Apple Compressor 3.5 Spartanburg SC
Apple Compressor 3.5
by Mike Curtis , Macworld.com
Apple’s Compressor has always had a sole mission: to compress video footage to other formats. Version 3.5 enhances these capabilities by making the power of the program easier and faster to get to, and extending Compressor’s mission beyond merely compression to encompass the next logical steps for a video encoding job. Apple has also improved the Droplets feature and added Batch Templates to allow for end-to-end compression workflows—and even custom ones.
- Final Cut Studio
- Final Cut Pro 7
- Motion 4
- Soundtrack Pro 3
- Color 1.5
- Compressor 3.5
- Return to Final Cut Studio
Apple released a brand new update to Final Cut Studio, its pro video editing app. It includes Final Cut Pro 7, Motion 4, Soundtrack Pro 3, Color 1.5, Compressor 3.5, and Final Cut Server 1.5.
Older versions of Compressor allowed you to launch an AppleScript after compression. Can you write AppleScripts? Me neither. So now we have Job Actions, accessed via simple pop-up menus, to do the things users most often want to do with compressed files. For example, Compressor can produce playable DVD or Blu-ray discs from just-compressed movies automatically, post movies to YouTube or MobileMe ( ), or put them into iTunes ( ) so our Apple devices can sync with them. The process is quick and easy, and just a mouse click away—excellent! You can also run an Automator script as a post render action, and that is a much more achievable task for most people. Job Actions at first appear to be limited to one action at a time per file queued. But with a bit of finessing using the Job->Source->File menu, you can apply multiple Job Actions to a single file—very slick!
Batch Templates expand on the Job Action idea and let you create your own end-to-end workflows. For example, you can compress a file to multiple formats, and then publish some files on the company Web site, burn others to a DVD, and also burn a Blu-ray disc (or Blu-ray content to a recordable DVD)—all from a single Batch Template. There are several useful workflows already built in to the program, and you can easily create your own in Compressor with a few clicks, and optionally add them to the similar Share interface that shows up in both Final Cut Pro and Motion.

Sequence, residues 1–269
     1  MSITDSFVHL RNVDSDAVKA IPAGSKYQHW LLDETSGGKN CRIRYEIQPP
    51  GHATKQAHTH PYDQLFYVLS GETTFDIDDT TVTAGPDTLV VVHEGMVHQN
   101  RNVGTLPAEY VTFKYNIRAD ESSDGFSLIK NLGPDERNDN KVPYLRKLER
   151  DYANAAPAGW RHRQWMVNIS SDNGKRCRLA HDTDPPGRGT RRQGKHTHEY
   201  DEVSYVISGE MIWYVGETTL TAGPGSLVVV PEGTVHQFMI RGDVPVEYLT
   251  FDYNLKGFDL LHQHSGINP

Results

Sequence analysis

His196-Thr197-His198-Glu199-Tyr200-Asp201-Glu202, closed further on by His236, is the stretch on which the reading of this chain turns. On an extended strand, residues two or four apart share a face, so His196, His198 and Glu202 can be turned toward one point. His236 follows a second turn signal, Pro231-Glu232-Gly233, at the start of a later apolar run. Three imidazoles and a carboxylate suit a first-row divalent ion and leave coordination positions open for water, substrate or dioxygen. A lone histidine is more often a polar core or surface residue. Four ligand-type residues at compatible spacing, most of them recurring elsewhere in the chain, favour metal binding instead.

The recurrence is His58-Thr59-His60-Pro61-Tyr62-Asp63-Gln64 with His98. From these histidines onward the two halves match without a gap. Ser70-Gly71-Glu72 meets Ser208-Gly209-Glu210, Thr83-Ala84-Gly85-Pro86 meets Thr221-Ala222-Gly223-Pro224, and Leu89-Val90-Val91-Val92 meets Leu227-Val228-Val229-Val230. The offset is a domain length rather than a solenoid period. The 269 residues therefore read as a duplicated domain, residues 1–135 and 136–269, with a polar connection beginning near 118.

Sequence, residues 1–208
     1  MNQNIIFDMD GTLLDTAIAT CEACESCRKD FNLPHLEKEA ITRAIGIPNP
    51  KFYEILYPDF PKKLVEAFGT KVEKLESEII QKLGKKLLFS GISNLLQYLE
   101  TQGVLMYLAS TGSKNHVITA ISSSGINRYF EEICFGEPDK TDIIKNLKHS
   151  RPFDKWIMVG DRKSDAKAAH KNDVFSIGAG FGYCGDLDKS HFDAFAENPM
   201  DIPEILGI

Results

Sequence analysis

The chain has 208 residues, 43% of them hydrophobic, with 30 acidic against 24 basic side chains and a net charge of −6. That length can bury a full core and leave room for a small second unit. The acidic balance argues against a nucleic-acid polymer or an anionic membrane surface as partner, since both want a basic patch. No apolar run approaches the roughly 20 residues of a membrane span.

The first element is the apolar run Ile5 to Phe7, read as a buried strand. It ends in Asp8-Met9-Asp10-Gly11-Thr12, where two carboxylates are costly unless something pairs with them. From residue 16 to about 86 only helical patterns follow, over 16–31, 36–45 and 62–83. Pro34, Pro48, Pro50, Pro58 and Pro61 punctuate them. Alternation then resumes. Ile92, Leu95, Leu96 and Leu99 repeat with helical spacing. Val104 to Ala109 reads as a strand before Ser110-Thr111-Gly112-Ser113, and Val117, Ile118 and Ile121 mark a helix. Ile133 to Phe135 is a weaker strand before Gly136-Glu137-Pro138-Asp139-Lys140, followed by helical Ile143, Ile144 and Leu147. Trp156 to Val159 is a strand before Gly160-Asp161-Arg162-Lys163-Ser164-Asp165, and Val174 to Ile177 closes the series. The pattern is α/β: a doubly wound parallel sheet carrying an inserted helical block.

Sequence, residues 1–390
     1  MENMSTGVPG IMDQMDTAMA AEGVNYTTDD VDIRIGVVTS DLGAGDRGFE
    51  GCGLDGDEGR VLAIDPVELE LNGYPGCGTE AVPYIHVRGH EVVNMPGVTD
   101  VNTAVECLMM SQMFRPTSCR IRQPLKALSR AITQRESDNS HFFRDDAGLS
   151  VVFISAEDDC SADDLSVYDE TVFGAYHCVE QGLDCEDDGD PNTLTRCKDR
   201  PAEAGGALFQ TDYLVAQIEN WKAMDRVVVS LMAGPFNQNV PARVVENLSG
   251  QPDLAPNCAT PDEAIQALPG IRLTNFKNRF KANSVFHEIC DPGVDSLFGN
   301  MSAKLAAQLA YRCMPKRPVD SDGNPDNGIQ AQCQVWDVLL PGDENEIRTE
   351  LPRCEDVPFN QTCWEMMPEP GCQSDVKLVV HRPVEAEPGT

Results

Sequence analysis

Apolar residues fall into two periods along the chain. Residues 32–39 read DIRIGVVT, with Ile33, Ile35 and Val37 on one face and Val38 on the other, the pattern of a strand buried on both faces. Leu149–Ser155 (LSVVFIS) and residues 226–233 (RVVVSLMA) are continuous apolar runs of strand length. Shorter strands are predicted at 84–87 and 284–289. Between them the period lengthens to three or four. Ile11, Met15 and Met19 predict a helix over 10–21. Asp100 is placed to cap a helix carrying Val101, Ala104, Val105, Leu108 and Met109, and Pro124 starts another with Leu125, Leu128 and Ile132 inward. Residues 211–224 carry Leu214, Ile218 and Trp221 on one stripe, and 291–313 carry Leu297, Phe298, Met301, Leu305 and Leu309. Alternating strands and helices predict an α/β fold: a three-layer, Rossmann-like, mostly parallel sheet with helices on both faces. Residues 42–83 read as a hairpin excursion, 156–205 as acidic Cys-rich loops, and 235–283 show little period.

Compressor’s Job Actions allow you to assign post render actions to compression jobs—such as burning a DVD or Blu-ray disc, or posting the file to MobileMe or YouTube.
Droplets have an improved user interface that is easier to comprehend, and offers more choices of what to do and where to store the results. Droplets can also be shared with others, and will work if the other user has Compressor 3.5 installed. Since Droplets can contain all the smarts of both Job Actions and Batch Templates, you can make a very complicated sequence of events (like the described Batch Template above) into an icon onto which you can drag and drop other files to launch the string of commands. Say your editor tells you, “The final ProRes is on the server,” you can drag, drop, and then go to lunch while the files get created, posted, burned, or whatever sequence you built in. This is great.
Let’s say you find some clips that you want to compress in just the same way as a movie you already have or may have found somewhere. All you have to do is drag the existing QuickTime movie to the Settings pane in Compressor and a new setting is generated based on the attributes of your original movie—sexy. DVD and Blu-ray encoding and burning are possible here as elsewhere in Final Cut Studio, but this is your only Blu-ray support within the suite (see our Final Cut Pro 7 review for more details). Another improvement is image sequence support for TIFF, Targa, DPX, and OpenEXR formats. These sequences are treated as a single clip instead of a pile of individual frames, a significant improvement for compositors and film workflows. Network rendering for clusters has also advanced. And of course, Compressor 3.5 supports all the new ProRes flavors.
All in all Compressor, one of my favorite nerdy utilities, is now more powerful, easier to use, and does more–a win-win proposition if ever there was one.
[Mike Curtis has been pushing pixels for a living for more than two decades, and presently consults on Final Cut Studio and other post production issues in Santa Monica, California. He writes for Macworld, his own HDforIndies , as well as ProVideoCoalition.com.]
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